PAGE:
Miss Carrie Owens after several days visit with Prospect friends has returned to her home in Marion.
The first night of the blackbird hunt at Delaware, Tuesday night, resulted in 400 birds being killed. Wednesday night the game was not so plentiful.
Mrs. Homer Smith, Wedn' entertained Mrs. R. J. Deigle and daughter Beatrice, of Sandusky, and Miss Vern Noll, of Marion.
John Decker of Lawrence, Tennessee, is still at Sawyer Sanatorium, Marion, Ohio with typhoid fever. Mrs. Decker returned home Saturday.
Mr. Martin Kuehner spent Sunday and Monday with his parents and relatives at West Jefferson, Ohio.
Miss Emma Snyder is visiting relatives at Dayton this week.
While mowing grass for J. F. Smelzer of near Woodland Monday, Emmet Decker killed a black snake, measuring 5 feet in length.
Mr. J. N. Freeman and family left Wednesday for Lakeside to spend their summer vacation at that popular resort.
A number of Prospect friends attended a reception given by Mrs. C. W. Lydia at her home in Marion Monday in honor of her birthday anniversary.
R. W. Harberson the popular Hocking Valley passenger conductor is laying off a few days on account of a sprained ankle received while stepping from his train.
Mr. Albert Sutley moved this week into the residence on North street.
Mr. and Mrs. Scott Gast, of Marion visited relatives here, Sunday.
Mrs. John Evans and children visited Delaware relatives from Saturday until Monday.
Dr. J. R. Osborn has just returned after spending a very pleasant week's vacation up at the Lakes.
Mr. and Mrs. W. H. Farnum had as guests over the Fourth, Mrs. E. R. Hathaway of Milford Center, Mr. J. Dynes Lee of Marysville and Mr. C. E. Lee of Macon, Missouri.
Mr. and Mrs. W. H. Farnum entertained at their beautiful country home, "Poplar Avenue Farm." Mr. S. J. Wottring of Delaware, and Mrs. Cora Van Dykl of Athens, Sunday.
Miss Theo Gast left this morning to join Miss Winifred Gast at Centerburg, Ohio, where they will be the guests of friends for a short time.
While the show was being unloaded at the H. V. yards, a horse driven by Charles Almendinger became frightened at the antics of a camel and ran away. Mr. Almendinger was thrown out, but only slightly injured.
Sun Brothers Shows gave a most creditable performance to two large audiances Wednesday. They went to Upper Sandusky from Prospect, where they show today.
At the home of her mother, Mrs. Samuel Fryman in Thompson township, where she is visiting a twelve pound daughter was born to Mrs. Corday Knachel, of Cleveland, Ohio, Wednesday.
Eight young friends enjoyed a picnic with David R. Griffith at his home south of town Tuesday, in honor of the young man's 12th birthday anniversary.
Mr. Lafayette Main, or Norton, was a business visitor to Prospect, Tuesday.
Miss Clara Wottring is being entertained by friends and relatives at Delaware.
Dr. A. L. Gast and G. F. Gast were at Mt. Vernon on business this week.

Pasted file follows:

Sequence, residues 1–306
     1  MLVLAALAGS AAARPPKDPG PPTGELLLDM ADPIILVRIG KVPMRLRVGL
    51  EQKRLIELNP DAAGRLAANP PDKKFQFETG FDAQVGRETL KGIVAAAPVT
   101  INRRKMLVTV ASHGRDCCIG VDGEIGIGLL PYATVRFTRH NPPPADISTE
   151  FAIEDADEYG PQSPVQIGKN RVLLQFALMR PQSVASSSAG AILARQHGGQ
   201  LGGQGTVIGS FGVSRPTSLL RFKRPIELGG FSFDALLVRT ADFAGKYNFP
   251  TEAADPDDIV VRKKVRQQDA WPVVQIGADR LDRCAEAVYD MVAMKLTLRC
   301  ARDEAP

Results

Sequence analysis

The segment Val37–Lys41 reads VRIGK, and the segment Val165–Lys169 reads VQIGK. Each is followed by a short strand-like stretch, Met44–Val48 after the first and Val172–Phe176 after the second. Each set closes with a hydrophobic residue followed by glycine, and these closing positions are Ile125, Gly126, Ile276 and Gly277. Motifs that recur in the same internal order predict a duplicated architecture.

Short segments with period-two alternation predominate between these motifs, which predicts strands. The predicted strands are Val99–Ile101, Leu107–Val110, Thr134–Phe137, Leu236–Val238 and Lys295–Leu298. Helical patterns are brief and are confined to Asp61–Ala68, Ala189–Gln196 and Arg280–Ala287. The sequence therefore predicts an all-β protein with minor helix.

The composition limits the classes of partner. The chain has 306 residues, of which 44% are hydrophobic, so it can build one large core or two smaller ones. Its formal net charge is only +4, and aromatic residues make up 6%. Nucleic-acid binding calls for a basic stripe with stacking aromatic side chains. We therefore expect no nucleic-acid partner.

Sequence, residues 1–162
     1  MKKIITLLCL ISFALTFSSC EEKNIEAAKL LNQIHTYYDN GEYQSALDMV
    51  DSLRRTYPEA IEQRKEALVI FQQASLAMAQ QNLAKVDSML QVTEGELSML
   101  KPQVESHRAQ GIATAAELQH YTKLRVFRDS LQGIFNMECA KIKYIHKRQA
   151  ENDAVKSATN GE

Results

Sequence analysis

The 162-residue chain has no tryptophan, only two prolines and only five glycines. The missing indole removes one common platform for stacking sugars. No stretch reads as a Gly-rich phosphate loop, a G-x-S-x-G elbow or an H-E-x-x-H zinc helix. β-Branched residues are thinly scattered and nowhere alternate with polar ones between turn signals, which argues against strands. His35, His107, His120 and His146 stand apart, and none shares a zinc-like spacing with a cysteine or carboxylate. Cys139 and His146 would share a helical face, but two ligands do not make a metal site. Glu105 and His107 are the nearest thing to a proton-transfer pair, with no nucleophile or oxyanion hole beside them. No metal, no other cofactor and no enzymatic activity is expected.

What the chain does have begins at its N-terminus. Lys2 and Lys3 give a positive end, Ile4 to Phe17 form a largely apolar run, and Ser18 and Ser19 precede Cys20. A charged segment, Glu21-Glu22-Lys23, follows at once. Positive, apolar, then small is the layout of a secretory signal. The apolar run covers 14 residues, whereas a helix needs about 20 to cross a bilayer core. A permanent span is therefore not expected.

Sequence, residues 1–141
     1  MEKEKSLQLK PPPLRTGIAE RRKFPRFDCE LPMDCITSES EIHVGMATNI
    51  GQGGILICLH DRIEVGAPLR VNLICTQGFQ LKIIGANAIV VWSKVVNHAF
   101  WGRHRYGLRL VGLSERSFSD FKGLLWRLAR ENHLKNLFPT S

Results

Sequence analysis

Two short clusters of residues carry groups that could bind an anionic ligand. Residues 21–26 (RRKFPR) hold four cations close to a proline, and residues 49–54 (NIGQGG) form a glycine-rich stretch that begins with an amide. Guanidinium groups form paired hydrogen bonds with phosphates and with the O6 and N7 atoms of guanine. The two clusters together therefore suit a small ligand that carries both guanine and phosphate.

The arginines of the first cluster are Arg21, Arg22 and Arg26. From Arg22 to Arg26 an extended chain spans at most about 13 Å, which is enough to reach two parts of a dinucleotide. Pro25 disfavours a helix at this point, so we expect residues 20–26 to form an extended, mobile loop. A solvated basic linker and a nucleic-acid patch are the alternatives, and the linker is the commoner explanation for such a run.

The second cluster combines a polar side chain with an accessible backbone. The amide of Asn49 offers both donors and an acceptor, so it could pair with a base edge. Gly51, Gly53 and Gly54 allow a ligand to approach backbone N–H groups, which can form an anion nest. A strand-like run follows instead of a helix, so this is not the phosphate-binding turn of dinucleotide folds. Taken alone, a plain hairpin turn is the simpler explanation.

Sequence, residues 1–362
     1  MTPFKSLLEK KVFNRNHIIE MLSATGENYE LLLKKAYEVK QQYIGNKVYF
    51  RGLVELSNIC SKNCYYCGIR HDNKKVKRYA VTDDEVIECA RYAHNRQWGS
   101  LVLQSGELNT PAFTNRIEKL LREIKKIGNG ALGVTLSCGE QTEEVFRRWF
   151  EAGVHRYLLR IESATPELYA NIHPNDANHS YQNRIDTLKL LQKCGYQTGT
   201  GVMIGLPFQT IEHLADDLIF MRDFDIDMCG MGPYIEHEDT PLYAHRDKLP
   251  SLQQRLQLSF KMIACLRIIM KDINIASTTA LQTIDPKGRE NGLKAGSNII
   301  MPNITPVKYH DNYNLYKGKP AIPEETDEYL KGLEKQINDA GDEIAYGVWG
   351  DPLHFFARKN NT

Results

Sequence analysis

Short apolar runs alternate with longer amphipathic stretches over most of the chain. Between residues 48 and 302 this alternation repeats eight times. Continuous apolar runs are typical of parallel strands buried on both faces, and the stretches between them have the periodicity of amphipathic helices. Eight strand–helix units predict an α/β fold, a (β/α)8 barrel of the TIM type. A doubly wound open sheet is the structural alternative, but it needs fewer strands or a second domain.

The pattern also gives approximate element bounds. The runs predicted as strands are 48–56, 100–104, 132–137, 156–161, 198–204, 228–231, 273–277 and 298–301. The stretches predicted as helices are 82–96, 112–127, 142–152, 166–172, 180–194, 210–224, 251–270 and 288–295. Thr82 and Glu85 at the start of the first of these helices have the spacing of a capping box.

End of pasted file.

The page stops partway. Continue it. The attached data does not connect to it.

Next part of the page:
Senator Bashford, with a record of 2.19, belonging to Charley Price has been sent to Marion and will be trained for the fall races by Harry Tallman.
While working around his tile kiln, Wednesday afternoon, W. L. Cox had the big toe of his right foot so badly mashed that the services of a physician were necessary.
Miss Lela Zimmerman of Delaware, is visiting at the home of Mrs. T. B. Smith.
Mrs. J. F. Wottring, of Green Camp, was entertained by Prospect friends, Wednesday.
Mrs. Hazel Bower of Delaware was the guest of Prospect friends Wednesday.
The Misses Iva and Mae Kyle left Friday for a few weeks visit with relatives at Cambridge, Ohio.
About thirty friends surprised Wm. Berry at his home north-west of town Wednesday evening, the occasion being his 30th birthday anniversary. Everybody highly enjoyed themselves.
A happy surprise was given Mrs. Flina McPherson, Monday evening. About forty of her relatives and neighbors called at her home with baskets well filled with good things to eat. It was her 47th birthday anniversary, Mrs. McPherson was reminded with several nice presents. All returned home happy and wishing Mother McPherson a prosperous and successful life.
Mrs. T. J. Collins and son Cliff of Newport, Ky., and Mrs. Elizabeth Collins of Cleveland are guests of Mr. Jos. Sauer and other relatives.
Mr. Jacob Young and Miss Blanche Young of Mt. Vernon, were guests of Mr. and Mrs. E. J. Young over Sunday.
Miss Inez Humphreys of Richwood, is the guest of Benjamin Ransom this week.
Miss Edith Hord of Columbus is visiting with friends in Prospect and vicinity.
Queen Esther Circle will give an Ice Cream Social at Gast Pavilion Saturday evening, July 13, 1905. One of the most popular evenings to be spent this season. The K. of P. band will furnish music.
Mrs. R. H. Finefrock and daughter and Mrs. Ralph Shaw were Cardington visitors from Saturday until Monday.
E. M. Stockwell and family left Monday for a three weeks visit with relatives at Michigan City, Indiana.